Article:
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Imposter Syndrome and its Effects on Mental Health

Do you ever feel like you're just faking it? That you're not really good enough and that sooner or later everyone will figure it out? If so, you might be suffering from imposter syndrome. Imposter syndrome is a real phenomenon that can impact our mental health. It's estimated that 70% of people will experience imposter syndrome at some point in their lives.

For those who haven’t experienced it, imposter syndrome is the constant feeling of being a fraud. No matter how much success you have, you always feel like you're about to be exposed as a fraud. This can lead to anxiety, depression, and a host of other mental health issues. Despite having evidence to the contrary, people with this syndrome feel like they're just pretending to be competent and that they'll be exposed as a fraud eventually.

Lately, imposter syndrome has become a very hot topic, especially with young professionals on social media. A lot of us feel like we ended up in roles that we don’t deserve or that we are failing at everything all of the time. This invokes self-doubt and convinces a person that they are incompetent, even though they very well might not be. An individual could have the right personality, education, experience, and knowledge for a role, and they still might not believe they are deserving of their job. They put self-inflicted pressure on themselves to succeed and often, eventually, end up self-sabotaging because they’re so nervous they’ll mess it up.

Our mental health relies on many factors: self-worth, relationships, balance, feelings of safety and security, healthy lifestyles, and more. Imposter syndrome directly attacks self-worth, feelings of safety and security, and even relationships. Think about it: if you are consistently worried that you are not good enough at your job and that you landed your position as some sort of fluke, you might worry that your boss will wise up and find a replacement. This stress can cause a myriad of issues and your social and work relationships may suffer as a result.

So, what can you do? First off, recognize that a lot of other people out there are feeling the same way. You are not alone in this fight and there is always support around you. Also, start practicing ways to brag about yourself. I know that sounds ridiculous but one way to overcome imposter syndrome is to jump right into building up your confidence. It can help to write out a list of things that you are great at. Think through why you are good at your job and remind yourself of those qualities often. Finally, give yourself some grace and remember that productivity does not equal your worth as a human being. All of us go through ebbs and flows in our work ethic and productivity, which is absolutely normal! Learn when it seems like it is becoming a problem but give yourself space if you are just having an off day.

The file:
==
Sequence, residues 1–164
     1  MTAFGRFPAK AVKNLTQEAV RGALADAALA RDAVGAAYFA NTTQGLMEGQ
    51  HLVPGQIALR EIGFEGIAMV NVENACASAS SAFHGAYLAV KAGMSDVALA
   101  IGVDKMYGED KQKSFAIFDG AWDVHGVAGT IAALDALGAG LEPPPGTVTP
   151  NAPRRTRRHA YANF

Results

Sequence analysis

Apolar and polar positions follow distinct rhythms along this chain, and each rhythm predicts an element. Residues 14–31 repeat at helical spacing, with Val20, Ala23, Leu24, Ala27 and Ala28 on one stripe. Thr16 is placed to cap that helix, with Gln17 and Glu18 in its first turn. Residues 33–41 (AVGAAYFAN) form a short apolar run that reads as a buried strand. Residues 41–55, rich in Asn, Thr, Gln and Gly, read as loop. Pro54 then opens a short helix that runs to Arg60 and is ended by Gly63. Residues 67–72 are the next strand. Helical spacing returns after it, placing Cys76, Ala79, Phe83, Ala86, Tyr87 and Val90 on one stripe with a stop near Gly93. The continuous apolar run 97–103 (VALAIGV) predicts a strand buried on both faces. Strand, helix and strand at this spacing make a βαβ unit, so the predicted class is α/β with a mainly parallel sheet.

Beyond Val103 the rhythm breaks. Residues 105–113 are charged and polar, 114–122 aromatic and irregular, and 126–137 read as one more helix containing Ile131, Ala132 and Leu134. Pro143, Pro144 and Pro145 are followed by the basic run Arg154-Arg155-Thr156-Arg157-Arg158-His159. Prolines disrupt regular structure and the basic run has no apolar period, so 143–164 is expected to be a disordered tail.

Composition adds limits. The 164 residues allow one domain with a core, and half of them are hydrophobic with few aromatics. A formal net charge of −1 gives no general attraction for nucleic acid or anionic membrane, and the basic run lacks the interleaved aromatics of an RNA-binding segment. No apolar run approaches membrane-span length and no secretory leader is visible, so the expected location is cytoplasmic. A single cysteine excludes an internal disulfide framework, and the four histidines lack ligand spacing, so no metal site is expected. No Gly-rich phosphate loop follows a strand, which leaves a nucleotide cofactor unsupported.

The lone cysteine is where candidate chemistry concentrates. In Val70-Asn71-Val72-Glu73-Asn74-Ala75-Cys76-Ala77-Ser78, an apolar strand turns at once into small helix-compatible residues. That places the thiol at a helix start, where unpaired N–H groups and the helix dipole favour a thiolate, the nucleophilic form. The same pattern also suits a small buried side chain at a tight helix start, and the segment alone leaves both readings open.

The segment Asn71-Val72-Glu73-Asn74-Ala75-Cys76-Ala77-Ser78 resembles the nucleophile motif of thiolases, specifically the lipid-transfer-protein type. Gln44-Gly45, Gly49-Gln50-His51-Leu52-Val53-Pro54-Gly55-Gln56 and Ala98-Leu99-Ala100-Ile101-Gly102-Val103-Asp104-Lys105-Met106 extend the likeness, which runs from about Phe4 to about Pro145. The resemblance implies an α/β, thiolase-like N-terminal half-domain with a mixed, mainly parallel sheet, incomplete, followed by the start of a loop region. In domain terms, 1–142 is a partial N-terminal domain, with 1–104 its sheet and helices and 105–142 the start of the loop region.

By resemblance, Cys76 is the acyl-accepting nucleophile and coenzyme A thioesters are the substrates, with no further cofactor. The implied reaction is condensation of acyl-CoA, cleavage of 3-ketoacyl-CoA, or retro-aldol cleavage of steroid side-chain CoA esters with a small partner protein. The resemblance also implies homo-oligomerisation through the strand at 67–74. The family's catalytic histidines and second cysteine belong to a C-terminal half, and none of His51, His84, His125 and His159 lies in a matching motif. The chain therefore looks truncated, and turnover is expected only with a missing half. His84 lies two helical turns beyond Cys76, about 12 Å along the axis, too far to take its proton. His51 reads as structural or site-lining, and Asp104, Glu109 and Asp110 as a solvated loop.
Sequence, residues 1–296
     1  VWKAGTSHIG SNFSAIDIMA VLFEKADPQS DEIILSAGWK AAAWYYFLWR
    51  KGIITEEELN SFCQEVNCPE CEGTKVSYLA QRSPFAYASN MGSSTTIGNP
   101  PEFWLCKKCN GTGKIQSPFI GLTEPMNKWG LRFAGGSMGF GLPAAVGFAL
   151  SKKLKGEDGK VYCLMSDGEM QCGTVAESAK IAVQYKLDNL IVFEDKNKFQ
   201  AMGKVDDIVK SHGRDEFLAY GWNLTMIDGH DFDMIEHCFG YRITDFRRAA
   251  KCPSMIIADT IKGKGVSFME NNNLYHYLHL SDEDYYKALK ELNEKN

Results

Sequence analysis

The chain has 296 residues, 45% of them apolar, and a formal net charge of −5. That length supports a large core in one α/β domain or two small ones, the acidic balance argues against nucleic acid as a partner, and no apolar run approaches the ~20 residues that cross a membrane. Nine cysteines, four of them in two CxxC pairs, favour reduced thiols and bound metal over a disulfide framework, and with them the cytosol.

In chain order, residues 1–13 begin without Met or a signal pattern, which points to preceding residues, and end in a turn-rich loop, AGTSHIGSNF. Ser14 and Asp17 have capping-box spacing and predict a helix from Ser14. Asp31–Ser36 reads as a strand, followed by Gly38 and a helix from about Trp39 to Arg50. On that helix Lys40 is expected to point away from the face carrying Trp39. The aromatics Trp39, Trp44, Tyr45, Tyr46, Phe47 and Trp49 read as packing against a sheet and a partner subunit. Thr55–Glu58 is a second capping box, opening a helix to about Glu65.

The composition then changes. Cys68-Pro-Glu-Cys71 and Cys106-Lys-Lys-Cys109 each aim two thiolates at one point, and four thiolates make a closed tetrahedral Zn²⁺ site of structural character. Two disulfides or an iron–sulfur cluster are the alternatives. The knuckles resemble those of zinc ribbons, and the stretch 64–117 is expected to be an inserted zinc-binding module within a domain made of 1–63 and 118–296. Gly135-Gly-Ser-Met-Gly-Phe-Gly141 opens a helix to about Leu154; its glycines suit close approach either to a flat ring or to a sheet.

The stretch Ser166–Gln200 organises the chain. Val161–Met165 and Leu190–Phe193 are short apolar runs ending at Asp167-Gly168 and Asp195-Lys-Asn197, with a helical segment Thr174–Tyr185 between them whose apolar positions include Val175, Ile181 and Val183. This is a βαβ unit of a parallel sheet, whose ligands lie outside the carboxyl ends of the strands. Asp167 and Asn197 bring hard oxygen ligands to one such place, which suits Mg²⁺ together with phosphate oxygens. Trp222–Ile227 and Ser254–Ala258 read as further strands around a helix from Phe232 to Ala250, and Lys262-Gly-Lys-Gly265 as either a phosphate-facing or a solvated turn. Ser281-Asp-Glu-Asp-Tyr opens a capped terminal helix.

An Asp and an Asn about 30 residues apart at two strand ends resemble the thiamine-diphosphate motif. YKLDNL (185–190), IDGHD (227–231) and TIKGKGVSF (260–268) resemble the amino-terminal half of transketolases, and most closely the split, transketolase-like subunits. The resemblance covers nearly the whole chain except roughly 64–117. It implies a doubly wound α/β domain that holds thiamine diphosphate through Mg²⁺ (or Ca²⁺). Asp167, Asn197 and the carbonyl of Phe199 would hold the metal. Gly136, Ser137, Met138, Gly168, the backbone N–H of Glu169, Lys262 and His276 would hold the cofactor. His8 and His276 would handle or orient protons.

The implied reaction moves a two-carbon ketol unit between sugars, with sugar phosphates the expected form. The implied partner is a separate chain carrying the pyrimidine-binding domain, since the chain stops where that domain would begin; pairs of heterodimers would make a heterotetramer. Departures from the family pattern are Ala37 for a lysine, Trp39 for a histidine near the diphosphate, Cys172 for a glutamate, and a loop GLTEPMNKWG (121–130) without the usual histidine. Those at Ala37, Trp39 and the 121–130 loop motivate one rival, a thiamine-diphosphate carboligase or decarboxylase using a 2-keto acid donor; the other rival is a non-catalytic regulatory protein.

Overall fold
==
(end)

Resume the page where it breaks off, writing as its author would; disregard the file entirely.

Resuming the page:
Building a healthy support network of people who believe in you and who will help you to see your own strengths and accomplishments, can be the best thing you’ll ever do for yourself. These people may also be experiencing symptoms of imposter syndrome and you don’t realize how much support you can offer each other until you get the courage to open up and share.

Focus on your successes, however small they may be, and to give yourself credit for them. Small successes add up quickly! So, if you take some time to write them down, but the end of the day you may be surprised by how many you’ve accumulated. Keep a pen and paper handy at your desk each day, and when you first come into work, write something on top of a sheet of paper that’ll serve as a reminder to jot down your list. Take the list home with you each night and save it somewhere with the others so you have ongoing proof of what a great job you’re doing.

You may want to also work on reframing your thinking. Instead of thinking "I'm not good enough," remind yourself that everyone has strengths and weaknesses. You don't need to be perfect to be successful. Just put your best foot forward and do your best. A therapist can help you reframe negative thought patterns and come up with ways to get these to stick. Pay attention to when you're having negative thoughts and try to challenge them. Are they really true? Do they help you in any way? If not, let them go.

Finally, remember that you're not alone. Many successful people experience imposter syndrome from time to time. In fact, those who are in a position to be challenged at work because they’ve repeatedly proven themselves will likely experience it from time to time. Work on trying to eliminate these thoughts through reframing, reciting positive affirmations and seeking support. Over time, symptoms of imposter syndrome will ease and you will realize just how valuable you are!

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